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Author Topic: Owasso election aftermath  (Read 854 times)
Ed W
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« on: March 08, 2012, 09:14:49 pm »

Owasso's city council election is over at last.  Despite the braggadocio from the anti-tax/anti-spending folks in the OTA, the vast majority of voters turned their backs on an ideological agenda that would have made the city a plaything for the radical right and their stark vision of city government.  They forgot or never learned that the American people are centrists.  The political pendulum may swing one direction, but it inevitably swings in the other direction as we reject the extremes of either the right or the left.

People form communities for the common good.  What benefits my neighbor - water, sewage, trash pick up, police and fire services, roads, and parks - also benefits my family.  Yet the far-right has adopted a short-sighted vision of our town, our state, and our country that seems to be based solely on personal gain.  In effect, it asks, "What's in it for me?" and ignores the very real needs of others.

Our system of government is based on this realistic view of human behavior, the idea that individuals will act in their own best interest.  We're selfish and greedy.  As a result, we have the system of checks and balances that limit the ability of any individual or group when it comes to grasping power.  Ultimately, voters perform the final check and balance function, and American voters are good at detecting and rejecting bad ideas, though the process may take some time.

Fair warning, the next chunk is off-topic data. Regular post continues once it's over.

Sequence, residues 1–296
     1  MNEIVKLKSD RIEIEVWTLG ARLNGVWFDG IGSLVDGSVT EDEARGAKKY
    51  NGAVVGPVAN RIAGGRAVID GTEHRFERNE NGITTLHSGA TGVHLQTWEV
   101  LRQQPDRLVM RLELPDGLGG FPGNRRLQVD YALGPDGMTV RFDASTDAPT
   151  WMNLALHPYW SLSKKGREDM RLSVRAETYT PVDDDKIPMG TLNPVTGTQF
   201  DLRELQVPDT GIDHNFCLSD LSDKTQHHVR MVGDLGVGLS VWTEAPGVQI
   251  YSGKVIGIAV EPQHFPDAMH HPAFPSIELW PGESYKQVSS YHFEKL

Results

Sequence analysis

Despite all the campaign statements and speeches, new city councilors are an unknown quantity.  There's a certain amount of hope that goes into voting for any newcomer because there's a lack of information about their plans.  Every candidate said the city needs to stop losing money on the golf course, get spending under control, and reduce debt.  No one has specified how those laudable goals could be attained.  We have to wait to see what our new council will do.  As always, the devil is in the details.

If we are to control Owasso's debt, we must reduce spending, raise taxes, or both.  No one likes to see spending cuts, particularly when those cuts mean job losses in a small town.  Chances are, we all know a few city employees, and we can see the painful results of job losses on their families.  On the other hand, no one likes to pay more in taxes, either.   

We elected these folks to make hard choices, choices that would probably keep some of us awake at night.  For that reason alone, they've earned our respect by taking what can often be a thankless job. They deserve our support as they try to resolve the city finances and chart a new path for all of us.  They deserve our comments, both positive and negative, because communication is essential to carrying out their duties.               
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Ed

"In a democracy, people get the government they deserve"...Joseph de Maistre
kvanover
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« Reply #1 on: March 12, 2012, 08:08:21 am »

Well said Ed.
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